By: Alan W. Houseman. Published by: Center for American Progress (CAP). Published in June 2011.
This is one of several papers commissioned by CAP’s Doing What Works project to explore the persistent gap between the legal needs of low-income people and capacity of the civil legal assistance system to meet those needs.
Introduction and summary There’s a huge gap today between the legal needs of low-income people and the capacity of the civil legal assistance system to meet those needs. There’s also severe inequality in funding among states. This “justice gap” was most recently demonstrated by a 2009 Legal Services Corporation report, “Documenting the Justice Gap in America: The Current Unmet Civil Legal Needs of Low-Income Americans.” Among the report’s key findings: • For every recipient of LSC-funded legal aid, one eligible applicant was turned away. • Less than 20 percent of low-income Americans’ legal needs were being met.
Without the services of a lawyer, low-income people with civil legal problems may have no practical way of protecting their rights and advancing their interests. As Congress declared when creating an independent organization to fund civil legal assistance in the Legal Services Corporation Act of 1974: “Providing legal assistance to those who face an economic barrier to adequate legal counsel will serve the best ends of justice and assist in improving opportunities for low-income persons” and will “reaffirm faith in our government of laws.”
Civil legal aid providers help low-income people and supportive groups navigate various civil matters like housing evictions, home foreclosures, predatory lending, child support, custody, and domestic violence. They also help people access government benefits like Social Security, disability, unemployment insurance, food stamps, and health insurance.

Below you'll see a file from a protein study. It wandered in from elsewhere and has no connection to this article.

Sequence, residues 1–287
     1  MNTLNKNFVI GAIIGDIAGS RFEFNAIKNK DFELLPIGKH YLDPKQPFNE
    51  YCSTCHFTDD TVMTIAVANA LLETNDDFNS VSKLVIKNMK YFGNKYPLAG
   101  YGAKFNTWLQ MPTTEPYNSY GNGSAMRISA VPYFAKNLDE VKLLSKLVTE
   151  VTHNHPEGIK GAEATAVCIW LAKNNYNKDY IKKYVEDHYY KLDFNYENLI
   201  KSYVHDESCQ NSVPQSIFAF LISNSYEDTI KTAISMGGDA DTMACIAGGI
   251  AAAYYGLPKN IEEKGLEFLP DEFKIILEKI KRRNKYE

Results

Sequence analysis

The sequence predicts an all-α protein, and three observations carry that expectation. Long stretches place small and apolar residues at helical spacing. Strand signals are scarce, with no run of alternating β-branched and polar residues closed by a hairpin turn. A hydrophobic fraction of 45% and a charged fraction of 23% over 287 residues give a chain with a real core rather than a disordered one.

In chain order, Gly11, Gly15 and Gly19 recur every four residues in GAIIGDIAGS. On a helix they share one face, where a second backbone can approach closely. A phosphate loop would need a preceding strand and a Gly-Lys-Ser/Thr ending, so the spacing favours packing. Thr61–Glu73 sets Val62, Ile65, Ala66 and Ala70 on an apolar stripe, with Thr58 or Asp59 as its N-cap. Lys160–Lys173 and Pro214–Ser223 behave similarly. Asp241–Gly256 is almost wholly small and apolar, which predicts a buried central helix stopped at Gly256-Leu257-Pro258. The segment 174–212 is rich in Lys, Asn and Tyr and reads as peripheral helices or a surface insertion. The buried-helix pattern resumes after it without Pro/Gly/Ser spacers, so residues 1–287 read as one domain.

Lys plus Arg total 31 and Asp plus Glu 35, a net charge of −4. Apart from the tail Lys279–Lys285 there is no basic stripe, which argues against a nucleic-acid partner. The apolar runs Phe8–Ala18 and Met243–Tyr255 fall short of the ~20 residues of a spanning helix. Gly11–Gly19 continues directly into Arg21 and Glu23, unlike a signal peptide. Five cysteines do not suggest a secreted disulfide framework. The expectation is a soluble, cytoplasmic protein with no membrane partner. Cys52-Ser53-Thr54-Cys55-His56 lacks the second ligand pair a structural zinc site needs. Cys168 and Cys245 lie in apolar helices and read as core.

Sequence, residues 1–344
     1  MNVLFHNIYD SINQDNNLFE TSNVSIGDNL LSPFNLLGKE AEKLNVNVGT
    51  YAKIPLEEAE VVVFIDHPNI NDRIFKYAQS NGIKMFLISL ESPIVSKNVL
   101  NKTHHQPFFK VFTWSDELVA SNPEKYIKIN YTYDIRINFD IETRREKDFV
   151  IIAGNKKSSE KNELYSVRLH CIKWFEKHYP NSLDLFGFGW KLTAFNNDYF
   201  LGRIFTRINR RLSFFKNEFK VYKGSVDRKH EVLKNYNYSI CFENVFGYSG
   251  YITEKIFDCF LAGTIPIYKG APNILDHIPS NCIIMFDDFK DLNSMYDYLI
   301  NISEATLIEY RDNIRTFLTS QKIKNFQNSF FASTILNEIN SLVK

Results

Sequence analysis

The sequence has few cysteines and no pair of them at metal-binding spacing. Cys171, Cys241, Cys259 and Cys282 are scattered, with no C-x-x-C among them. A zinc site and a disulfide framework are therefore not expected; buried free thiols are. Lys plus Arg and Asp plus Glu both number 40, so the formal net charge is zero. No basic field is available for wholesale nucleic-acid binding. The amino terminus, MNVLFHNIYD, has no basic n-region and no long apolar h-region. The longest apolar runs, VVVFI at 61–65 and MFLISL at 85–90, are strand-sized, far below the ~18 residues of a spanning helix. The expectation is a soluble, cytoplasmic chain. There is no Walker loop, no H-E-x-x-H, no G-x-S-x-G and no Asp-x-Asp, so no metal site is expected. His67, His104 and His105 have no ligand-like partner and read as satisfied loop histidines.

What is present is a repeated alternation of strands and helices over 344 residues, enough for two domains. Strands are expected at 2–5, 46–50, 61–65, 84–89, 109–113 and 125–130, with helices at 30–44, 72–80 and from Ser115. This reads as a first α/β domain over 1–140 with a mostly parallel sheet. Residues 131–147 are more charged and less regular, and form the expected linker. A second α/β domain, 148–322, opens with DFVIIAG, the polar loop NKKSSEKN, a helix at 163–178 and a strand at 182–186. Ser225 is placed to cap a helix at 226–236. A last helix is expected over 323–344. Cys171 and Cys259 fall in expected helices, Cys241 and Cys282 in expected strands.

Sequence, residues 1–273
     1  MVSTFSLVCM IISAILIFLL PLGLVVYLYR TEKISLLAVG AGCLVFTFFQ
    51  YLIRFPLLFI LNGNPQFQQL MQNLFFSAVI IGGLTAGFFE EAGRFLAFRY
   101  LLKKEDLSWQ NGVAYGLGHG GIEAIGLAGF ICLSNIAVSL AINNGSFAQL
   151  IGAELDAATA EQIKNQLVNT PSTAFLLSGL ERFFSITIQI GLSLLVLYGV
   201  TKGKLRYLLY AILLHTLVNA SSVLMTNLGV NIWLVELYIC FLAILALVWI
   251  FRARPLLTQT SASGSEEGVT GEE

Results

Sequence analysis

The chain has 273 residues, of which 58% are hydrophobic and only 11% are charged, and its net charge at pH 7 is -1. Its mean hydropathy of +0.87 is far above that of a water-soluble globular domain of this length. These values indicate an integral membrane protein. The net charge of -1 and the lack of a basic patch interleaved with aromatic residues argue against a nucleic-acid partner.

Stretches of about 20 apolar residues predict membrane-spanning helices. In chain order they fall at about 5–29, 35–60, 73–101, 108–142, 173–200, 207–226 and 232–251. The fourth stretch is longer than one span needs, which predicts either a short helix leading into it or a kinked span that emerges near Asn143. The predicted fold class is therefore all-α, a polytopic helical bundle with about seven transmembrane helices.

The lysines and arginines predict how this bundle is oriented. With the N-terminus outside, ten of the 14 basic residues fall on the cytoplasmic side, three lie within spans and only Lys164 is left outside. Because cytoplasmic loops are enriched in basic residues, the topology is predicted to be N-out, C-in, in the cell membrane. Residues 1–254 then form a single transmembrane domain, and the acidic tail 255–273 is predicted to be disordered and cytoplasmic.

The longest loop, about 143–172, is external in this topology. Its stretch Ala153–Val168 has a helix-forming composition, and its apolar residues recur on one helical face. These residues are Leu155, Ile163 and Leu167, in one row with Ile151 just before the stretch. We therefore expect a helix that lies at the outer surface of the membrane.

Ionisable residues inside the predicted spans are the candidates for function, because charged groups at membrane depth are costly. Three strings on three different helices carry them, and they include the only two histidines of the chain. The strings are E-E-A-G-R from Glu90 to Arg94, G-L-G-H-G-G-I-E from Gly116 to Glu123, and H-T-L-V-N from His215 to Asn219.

Between 1965 and 1985 civil legal assistance was funded primarily by the Legal Services Corporation and other federal funding sources. The LSC is a private nonprofit corporation funded by Congress to provide grants to civil legal aid programs. Over the last two decades, states have increased their funding and involvement in the overall operation of the civil legal aid system. Since 1996 LSC and state funders have been moving from a locally based legal services delivery system toward a more comprehensive, coordinated, and integrated statewide system for getting civil legal aid to low-income people.
The current civil legal assistance system is a locally based system of independent staff-based service providers, supplemented by private attorney volunteer (pro bono) programs, law school clinical programs, and self-help programs. Providers are funded from a variety of places, of which less than a third today are federal sources and more than a third are state sources. This report describes the state of civil legal services today and how we got here. It also recommends more funding and better service delivery.